Archive for January, 2009

What we talk about when we talk about community news

I hate to bicker with someone who’s obviously on the good guys’ team, but I also find that being clear, and only as clear as the facts allow, is an pretty full-on insatiable desire of mine.

And thus I submit that using a term like “intimacy” doesn’t work as a term to describe what geography-based community news sites need to work or what they need to aim to achieve. I further submit that this isn’t just an academic exercise. It matters because folks into the future of news have a tough enough time relating the importance of what we’re talking about. It’s easy for curmudgeons to brush off “intimacy” because it rings of hype to them; it fits neatly into their mindset of techno-utopians offering false promises.

I’m not nit-picking words here, either, or being uncharitable. I don’t take intimacy to mean something super deep or profound like love or friendship or piety. Following @lisawilliams, I take it to mean something like the what the members of an Elks lodge share. They all know one another. They all share a pretty serious mission. Leaving aside the standard language used by fraternal organizations—”inculcation” and “indoctrination”—members of the Elks share a significantly thicker bond than neighbors who vote in the same mayoral race, cheer for the same sports teams, suffer the same air pollution, enjoy the same parks, or whose kids go to the same school.

Members of a geography-based news community don’t need to know one another. They just need to believe that there’s a pretty good chance that they know someone who knows them both. Or they need to believe that there’s a pretty good chance that they might want to know one another. (These beliefs probably don’t even need to be justified or true, in the epistemic jargon.)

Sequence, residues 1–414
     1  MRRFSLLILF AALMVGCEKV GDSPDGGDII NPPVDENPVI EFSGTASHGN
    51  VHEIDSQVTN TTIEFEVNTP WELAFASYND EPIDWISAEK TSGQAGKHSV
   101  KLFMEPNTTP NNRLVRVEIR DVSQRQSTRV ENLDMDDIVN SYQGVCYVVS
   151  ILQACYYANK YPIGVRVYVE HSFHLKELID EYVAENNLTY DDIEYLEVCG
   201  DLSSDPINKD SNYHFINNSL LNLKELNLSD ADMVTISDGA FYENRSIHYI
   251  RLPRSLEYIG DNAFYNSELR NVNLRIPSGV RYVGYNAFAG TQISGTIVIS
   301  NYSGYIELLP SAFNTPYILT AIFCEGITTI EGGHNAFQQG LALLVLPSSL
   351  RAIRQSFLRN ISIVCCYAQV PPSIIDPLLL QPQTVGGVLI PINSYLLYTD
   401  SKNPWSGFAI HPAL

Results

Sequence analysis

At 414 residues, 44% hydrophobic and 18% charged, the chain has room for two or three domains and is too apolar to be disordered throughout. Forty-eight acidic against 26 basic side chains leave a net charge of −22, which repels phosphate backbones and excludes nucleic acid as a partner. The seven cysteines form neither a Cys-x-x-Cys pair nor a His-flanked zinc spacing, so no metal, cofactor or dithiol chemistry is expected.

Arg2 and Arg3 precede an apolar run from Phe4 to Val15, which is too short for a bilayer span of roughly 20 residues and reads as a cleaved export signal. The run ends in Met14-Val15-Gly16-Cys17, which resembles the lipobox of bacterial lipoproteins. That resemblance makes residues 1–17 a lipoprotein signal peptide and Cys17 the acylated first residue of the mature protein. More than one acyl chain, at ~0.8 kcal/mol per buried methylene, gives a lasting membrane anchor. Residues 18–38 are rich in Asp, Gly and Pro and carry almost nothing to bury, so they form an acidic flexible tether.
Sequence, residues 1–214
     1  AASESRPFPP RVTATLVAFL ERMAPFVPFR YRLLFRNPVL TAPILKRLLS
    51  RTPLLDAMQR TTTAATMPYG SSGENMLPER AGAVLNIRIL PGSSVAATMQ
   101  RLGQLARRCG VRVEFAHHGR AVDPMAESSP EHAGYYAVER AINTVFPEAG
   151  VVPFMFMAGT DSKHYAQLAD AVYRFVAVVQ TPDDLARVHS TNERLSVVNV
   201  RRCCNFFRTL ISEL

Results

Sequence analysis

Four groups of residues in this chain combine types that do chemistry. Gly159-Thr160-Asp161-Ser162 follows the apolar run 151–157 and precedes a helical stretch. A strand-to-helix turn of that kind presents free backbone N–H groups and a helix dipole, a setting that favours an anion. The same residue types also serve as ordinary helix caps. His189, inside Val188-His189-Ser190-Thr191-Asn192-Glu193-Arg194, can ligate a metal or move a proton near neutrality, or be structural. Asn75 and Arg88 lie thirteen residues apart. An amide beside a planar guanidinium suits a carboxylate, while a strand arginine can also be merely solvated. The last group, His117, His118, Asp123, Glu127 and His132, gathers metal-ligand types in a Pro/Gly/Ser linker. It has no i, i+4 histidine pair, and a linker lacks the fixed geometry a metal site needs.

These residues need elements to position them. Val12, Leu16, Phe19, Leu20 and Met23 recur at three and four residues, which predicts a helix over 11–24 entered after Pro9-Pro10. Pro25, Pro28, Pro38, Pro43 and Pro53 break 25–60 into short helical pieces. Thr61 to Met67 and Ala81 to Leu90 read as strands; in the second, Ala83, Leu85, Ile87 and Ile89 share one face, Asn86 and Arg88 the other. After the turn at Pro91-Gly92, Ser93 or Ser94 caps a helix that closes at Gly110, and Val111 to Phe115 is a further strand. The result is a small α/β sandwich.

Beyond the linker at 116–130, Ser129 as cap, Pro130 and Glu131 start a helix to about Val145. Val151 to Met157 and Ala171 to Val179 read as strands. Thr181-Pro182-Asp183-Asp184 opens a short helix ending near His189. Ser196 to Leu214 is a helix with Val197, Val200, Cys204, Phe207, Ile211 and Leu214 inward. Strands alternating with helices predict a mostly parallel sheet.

Members of a geography-based community need only trust and have some regard for one another. I suspect that this trust and regard require more than a thin explanation like liberal cosmopolitanism’s basic respect for persons. There’s got to be a neighborly connection—a sense of common civic purpose and a sense of shared space, resources, and destiny. But I do not believe that this trust and regard require a thick explanation as implied by a notion of “intimacy.”

Getting in metadata game: Oh, money, that’s why!

Who’s mentioned in your article? What organizations does it talk about? Or what zip codes?

Answering these simple questions—in ways notoriously inflexible computers understand—can be like putting handles on your articles. It means aggregators and filterers like EveryBlock can grab on and give readers one more way to find what you have to say.

That’s what the New York Times is doing—in two stages, it appears. First its librarians encode the elected officials mentioned in its articles; mentioning them in the regular text of the article doesn’t cut it. Then its newly built web service, called Represent, figures out the geographic locations those officials represent. Meanwhile, Represent is also taking a computerized look at Congressional votes. When a politician votes, Represent says something like, “Oh, a person just voted in geographic area Y, and that person’s name is X.”

EveryBlock isn’t built for understanding much about people or names, but it is built for understanding locations and geographic areas. So Represent’s job is to translate from X to Y—from names to places.